In the most fractious Question Time of recent years, George Galloway clashed with fellow panelist Jonathan Freedland and a large, vocal bank of audience members on Thursday following a question on the rising tide of anti-Semitism in the UK.
Earlier that day the Community Security Trust (CST) - a charity that monitors anti-Semitism and provides security for the Jewish community in Britain – published figures highlighting a doubling of anti-Semitic incidents across the country in 2014, an increase for which last year’s conflict in Gaza was blamed.
The final questioner, asking about the rise, implied the Respect MP, who last year declared Bradford an "Israel-free zone", had contributed to an anti-Semitic fervor.
Guardian columnist Freedland, who identified himself as a member of the Jewish community, tied the “upsurge" to the "resumption of violence in Gaza”, warning that the rhetoric around Israel became so “inflamed” that people struggled to make the distinction between Israel and Jews.
He then attacked Galloway for his own language around Israel, suggesting the Respect MP had drawn links between the Middle Eastern state and the revolution in Ukraine. “People like George Galloway need to exercise great responsibility in this area because it’s incendiary… and can lead to hate,” said Freedland.
In the run up to this week's show, held in Finchley, North London – an area with a large Jewish population – the BBC had been decried for inviting Galloway, a staunch critic of Israel. During the segment, several members of the audience struggled to contain their antipathy, shouting repeatedly at Galloway despite David Dimbleby’s remonstrations.
“You’re not welcome here,” shouted one audience member. Galloway, unperturbed, shot back, “You will not stop me speaking however much you shout.”
He continued: "I’m very sorry that Jonathan Freedland in what he has just said has given credence to the absolutely false allegation implicit in the question [that Galloway had added to rise in anti-Semitism]. I know about political violence; I was assaulted three times in four months in London.”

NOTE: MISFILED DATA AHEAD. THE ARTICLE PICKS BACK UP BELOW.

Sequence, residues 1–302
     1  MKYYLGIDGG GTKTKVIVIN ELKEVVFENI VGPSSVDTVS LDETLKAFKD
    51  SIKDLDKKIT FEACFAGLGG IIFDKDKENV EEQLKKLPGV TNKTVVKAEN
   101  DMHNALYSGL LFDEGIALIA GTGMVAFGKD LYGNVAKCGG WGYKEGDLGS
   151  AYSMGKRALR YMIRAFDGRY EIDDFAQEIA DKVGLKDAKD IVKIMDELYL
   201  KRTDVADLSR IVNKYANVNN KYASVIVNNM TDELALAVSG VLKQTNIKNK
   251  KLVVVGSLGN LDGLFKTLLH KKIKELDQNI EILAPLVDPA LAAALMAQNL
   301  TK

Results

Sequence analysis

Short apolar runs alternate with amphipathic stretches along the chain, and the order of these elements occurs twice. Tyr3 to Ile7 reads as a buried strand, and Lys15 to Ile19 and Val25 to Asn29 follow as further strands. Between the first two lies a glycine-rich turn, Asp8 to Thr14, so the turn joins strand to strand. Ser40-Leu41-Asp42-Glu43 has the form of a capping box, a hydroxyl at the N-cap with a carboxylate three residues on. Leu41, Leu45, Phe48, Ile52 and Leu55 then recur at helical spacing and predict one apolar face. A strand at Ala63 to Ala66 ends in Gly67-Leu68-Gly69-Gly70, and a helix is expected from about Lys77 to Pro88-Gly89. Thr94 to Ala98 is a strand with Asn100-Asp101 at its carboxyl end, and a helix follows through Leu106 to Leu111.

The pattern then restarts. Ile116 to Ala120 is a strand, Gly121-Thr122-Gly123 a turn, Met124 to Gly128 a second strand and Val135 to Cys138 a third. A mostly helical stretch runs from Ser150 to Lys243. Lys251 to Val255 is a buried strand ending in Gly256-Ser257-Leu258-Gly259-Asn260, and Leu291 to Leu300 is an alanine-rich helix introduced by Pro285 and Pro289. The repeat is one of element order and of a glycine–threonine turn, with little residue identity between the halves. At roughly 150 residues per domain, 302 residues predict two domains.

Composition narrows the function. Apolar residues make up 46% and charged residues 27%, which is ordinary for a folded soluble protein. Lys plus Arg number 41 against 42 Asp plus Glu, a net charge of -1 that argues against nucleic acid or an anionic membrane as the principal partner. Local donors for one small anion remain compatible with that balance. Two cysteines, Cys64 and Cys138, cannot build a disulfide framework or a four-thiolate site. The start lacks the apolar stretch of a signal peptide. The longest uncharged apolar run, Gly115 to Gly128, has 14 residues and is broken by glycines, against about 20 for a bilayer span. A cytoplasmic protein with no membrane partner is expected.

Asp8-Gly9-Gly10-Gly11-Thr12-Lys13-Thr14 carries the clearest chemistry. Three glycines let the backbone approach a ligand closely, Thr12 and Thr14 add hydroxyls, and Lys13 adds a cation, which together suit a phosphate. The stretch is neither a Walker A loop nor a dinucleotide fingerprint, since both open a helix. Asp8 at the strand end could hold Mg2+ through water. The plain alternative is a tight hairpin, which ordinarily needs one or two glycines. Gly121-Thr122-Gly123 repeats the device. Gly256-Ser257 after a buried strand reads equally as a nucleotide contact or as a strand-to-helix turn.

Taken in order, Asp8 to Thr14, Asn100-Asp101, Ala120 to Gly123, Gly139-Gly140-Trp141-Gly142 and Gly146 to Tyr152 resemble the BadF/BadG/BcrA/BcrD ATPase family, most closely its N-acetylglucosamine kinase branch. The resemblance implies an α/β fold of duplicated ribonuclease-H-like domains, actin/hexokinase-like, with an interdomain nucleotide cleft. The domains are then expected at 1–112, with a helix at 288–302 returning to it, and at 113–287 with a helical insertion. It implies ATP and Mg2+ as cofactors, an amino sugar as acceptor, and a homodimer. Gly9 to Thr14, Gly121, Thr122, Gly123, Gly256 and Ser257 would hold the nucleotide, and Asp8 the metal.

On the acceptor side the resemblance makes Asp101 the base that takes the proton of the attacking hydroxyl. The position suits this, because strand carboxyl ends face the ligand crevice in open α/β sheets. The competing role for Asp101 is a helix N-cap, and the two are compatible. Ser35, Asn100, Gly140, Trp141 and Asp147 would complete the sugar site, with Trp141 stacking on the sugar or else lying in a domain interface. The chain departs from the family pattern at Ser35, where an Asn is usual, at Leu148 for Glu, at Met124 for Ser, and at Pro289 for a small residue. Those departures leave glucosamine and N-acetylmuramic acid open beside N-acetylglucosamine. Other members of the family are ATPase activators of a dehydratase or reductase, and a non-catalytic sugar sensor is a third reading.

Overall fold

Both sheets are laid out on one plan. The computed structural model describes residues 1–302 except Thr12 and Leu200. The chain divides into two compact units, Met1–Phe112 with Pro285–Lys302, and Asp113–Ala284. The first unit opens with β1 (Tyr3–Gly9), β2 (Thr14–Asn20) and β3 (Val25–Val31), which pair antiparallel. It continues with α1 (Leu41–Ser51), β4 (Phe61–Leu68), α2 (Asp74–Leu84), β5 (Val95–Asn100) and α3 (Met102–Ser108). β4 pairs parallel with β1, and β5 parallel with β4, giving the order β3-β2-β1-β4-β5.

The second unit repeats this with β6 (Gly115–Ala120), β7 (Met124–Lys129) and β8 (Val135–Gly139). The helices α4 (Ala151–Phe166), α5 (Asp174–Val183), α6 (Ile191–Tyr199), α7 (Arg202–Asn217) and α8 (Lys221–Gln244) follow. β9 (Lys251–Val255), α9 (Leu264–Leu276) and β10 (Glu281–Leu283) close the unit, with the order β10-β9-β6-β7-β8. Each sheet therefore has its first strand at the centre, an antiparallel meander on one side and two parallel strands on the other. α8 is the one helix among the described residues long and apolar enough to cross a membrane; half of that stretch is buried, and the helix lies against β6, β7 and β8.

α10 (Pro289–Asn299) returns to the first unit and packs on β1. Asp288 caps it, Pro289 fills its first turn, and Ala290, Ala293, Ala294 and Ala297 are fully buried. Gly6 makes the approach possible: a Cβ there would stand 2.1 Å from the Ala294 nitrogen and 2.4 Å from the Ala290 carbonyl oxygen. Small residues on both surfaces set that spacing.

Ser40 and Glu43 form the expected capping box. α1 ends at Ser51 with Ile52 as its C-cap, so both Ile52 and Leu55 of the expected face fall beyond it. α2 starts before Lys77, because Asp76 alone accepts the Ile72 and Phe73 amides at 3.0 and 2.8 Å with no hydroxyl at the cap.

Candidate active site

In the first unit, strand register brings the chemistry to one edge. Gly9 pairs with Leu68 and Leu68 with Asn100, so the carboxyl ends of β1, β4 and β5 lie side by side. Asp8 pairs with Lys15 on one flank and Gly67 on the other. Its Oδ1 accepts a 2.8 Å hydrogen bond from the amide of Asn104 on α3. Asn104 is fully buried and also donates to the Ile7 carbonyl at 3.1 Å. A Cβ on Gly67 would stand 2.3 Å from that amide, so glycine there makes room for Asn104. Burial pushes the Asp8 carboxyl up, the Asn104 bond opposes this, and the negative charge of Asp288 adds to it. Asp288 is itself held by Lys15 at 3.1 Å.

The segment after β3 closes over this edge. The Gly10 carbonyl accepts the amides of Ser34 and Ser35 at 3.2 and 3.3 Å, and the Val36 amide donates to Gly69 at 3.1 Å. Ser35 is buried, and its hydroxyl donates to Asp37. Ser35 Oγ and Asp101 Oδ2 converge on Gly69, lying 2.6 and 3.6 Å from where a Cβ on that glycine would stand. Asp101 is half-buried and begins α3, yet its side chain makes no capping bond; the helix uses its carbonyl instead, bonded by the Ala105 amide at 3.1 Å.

An audience member shouted back, “I wonder why?”
“See,” said George addressing the mob, “you are in favour of some political violence but against other political violence. You’re in favour of freedom of speech for some people, but not for others.”
“You support Hezbollah,” another audience member replied.
Dimbleby tried to intervene. “Am I on trial here?" said George. "I’m being bayed at by the audience, I’ve been directly accused by another panelist…”
Galloway said the conflation of Jewishness and Israel was “dangerous” and a “false synonym”, adding: “Zionism and Israel are different things from Judaism and Jewishness. And anyone that conflates these things, whether they’re an anti-Semite or a so-called leader of the Jewish community, is making a grave mistake."
He then chastised Freedland for saying the current rise in anti-Semitism in the UK was the result of a “resumption of violence" in Gaza. "What he meant to say was the mass murder of 2136 Palestinians locked up in a prison camp called Gaza, five hundred of those children," he sniffed.
In a bizarre vignette, Galloway said had he been alive in the 1930s he would have been first at the recruiting office to fight fascism, which was a "Christian, European phenomenon”. When journalist Cristina Odone leaned over to interject, Galloway snapped, “Take your hands off me”.
The former Labour MP concluded that the “shadow cast by the fear of anti-Semitism in Britain could be said many fold about Islamophobia and the fear of Muslims in Britain”.
Earlier Galloway censured Dimbleby and the BBC for the lack of balance in the audience. “You be the lions, I’ll be Daniel,” he said to the crowd. Unfortunately for George, the hungry lions did attack...